Poor pandemic management pummels Coalition at the polls

05 Dec 2022

The Coalition government was severely punished at the polls for perceived poor performance during the COVID-19 pandemic, paving the way for Labor's win, Australia's leading study on elections and democratic trends has found.

The 2022 Australian Election Study (AES), released in full today, also found voters had the most pessimistic view of a government's economic management, including the cost of living, in 30 years.

Taken together, the findings represent "a serious existential crisis for the Liberal Party", the study authors argue.

Study co-author Professor Ian McAllister, from The Australian National University (ANU), said perceptions of poor performance by the government "played a key role in the Coalition's defeat".

"In 2022 there were three performance explanations for the Coalition's defeat - the economy, the pandemic and Scott Morrison's leadership," Professor McAllister said.

"Only 30 per cent of Australians thought that the federal government had handled the pandemic well. Indeed, voters had much more favourable views of their state government's performance.

"And with rising inflation and a cost of living crisis, two thirds of voters thought the national economy had become worse in the year leading up to the election. This was the most pessimistic view of the economy in over 30 years.

"In previous elections voters have consistently preferred the Coalition over Labor on economic issues. In 2022, however, voters preferred Labor over the Coalition on the cost of living - the single biggest issue in the election."

Study co-author Dr Sarah Cameron, from Griffith University, said voters also held "very negative views" of the former prime minister's leadership.

"While Morrison was moderately popular when he won the election in 2019, by 2022 he had become the most unpopular major party leader since at least 1987," Dr Cameron said.

"Morrison was not considered honest and trustworthy, the two traits most closely associated with leaders' overall favourability.

"The public's dislike of Morrison was impacted by his Hawaii holiday during the 2019-20 bushfires and by a perception of poor performance in the second year of the pandemic."  

Scott Morrison became the least popular major party leader in the history of the AES, scoring 3.8 on a zero to 10 popularity scale, down from 5.1 in the 2019 election.

The study authors argue these factors combined to give Labor "victory by default".

"Labor won the election despite their record low vote and a 0.8 percent swing against them," Professor McAllister said.  "Labor's win in 2022 was more about directing attention to the Coalition's poor performance rather than putting forward a policy agenda that would attract voters."

Dr Cameron said:  "Fewer voters cast their ballots based on policy issues than in 2019, and the proportion of voters who saw 'a good deal of difference' between the parties declined from 40 per cent in 2019 to 28 per cent in 2022."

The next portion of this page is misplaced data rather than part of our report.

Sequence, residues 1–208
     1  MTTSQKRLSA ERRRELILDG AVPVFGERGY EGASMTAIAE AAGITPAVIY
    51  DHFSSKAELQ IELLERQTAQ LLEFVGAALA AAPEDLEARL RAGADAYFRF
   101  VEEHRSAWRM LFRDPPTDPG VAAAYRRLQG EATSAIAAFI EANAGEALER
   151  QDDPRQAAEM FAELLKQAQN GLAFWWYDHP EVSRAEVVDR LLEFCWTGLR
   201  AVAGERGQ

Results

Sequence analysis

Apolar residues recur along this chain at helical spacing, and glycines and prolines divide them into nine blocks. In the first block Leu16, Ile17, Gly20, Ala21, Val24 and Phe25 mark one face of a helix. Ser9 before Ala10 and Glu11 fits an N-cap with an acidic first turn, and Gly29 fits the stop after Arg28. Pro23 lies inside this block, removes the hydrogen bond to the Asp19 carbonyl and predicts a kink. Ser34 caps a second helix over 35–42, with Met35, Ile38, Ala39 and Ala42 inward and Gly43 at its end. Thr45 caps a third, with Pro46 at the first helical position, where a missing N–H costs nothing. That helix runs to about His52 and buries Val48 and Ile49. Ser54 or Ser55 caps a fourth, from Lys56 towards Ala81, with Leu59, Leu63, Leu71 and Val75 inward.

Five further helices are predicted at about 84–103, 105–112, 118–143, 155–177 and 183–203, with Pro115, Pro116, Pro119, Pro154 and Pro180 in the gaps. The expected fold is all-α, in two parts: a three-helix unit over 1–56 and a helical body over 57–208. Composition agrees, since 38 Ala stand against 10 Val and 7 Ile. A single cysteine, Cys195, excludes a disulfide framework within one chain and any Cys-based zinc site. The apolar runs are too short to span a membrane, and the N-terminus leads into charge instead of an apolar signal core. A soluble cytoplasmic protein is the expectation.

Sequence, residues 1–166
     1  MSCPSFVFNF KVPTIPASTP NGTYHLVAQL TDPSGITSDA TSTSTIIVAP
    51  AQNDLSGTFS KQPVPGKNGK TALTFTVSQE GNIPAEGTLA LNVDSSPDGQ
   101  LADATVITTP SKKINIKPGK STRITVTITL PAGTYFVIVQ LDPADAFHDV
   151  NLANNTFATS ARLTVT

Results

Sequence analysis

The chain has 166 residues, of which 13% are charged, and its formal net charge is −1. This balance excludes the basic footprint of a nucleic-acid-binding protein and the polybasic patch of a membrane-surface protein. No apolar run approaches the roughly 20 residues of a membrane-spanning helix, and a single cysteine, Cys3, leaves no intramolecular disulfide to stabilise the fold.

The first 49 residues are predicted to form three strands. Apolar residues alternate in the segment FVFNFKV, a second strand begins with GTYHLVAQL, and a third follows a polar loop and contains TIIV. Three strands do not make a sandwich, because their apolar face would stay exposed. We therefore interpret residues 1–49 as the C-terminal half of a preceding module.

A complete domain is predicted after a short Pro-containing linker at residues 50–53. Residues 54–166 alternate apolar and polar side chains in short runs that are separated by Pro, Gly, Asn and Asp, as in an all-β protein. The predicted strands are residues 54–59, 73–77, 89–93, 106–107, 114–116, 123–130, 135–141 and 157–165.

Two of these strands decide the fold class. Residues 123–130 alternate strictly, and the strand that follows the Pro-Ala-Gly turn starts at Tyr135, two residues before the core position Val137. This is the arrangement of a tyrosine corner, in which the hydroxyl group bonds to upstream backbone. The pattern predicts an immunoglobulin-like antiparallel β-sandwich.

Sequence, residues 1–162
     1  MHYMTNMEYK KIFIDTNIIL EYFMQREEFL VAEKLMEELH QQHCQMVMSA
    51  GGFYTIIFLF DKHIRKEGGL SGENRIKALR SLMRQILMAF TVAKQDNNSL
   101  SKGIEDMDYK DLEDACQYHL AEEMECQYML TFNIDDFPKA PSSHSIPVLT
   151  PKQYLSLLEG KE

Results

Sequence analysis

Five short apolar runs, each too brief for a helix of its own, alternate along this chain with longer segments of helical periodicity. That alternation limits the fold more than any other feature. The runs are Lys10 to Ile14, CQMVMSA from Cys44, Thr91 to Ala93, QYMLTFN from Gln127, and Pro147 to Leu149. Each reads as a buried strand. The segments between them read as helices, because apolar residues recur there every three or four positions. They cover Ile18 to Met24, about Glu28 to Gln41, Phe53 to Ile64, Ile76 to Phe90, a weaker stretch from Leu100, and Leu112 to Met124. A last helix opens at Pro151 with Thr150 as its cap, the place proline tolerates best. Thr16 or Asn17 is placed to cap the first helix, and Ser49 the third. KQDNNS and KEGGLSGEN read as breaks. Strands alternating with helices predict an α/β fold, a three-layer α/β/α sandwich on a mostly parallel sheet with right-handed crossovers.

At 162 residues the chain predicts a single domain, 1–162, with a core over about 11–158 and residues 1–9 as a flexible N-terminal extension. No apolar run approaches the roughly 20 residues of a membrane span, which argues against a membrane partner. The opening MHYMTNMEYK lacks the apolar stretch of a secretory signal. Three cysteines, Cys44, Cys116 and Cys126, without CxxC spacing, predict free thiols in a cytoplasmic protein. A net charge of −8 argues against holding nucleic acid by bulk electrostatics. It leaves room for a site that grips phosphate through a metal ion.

The study also found gender and generation were the two key demographic changes eroding the voting base of Australia's major parties - a shift that also coincided with increased voter volatility in the 2022 federal election.

"Since the early 2000s fewer women than men have voted for the Coalition," study co-author Professor Simon Jackman, from the University of Sydney, said.

"Labor has the opposite gender voting gap, attracting more votes from women than men, but to a lesser degree.

"In 2022 just 32 per cent of women voted for the Coalition, the lowest share ever. This collapse in female support for the Coalition can be traced to the treatment of women within the Liberal party.

"The divide between how younger and older generations of Australians vote is even more pronounced than the gender gap. Younger generations have very different voting patterns to previous generations at the same stage of the lifecycle and are much further to the left in their party preferences.

"Just 27 per cent of millennials said they voted for the Coalition in 2022. At no time in the 35-year history of the AES has there been such a low level of support for either major party in so large a segment of the electorate."

These demographic changes come as more voters abandon the two major parties. The number of voters who said they had always voted for the same party fell to an all-time low of 37 per cent in 2022. This figure was 72 per cent in 1967.   

In addition, the proportion of voters who considered voting for another party during the 2022 election campaign, 36 per cent, has never been higher.

The 2022 Australian Election Study is led by The Australian National University with Griffith University. It includes findings on this year's federal election as well as 35 years of trends in political opinion. Read the full study online: www.australianelectionstudy.org

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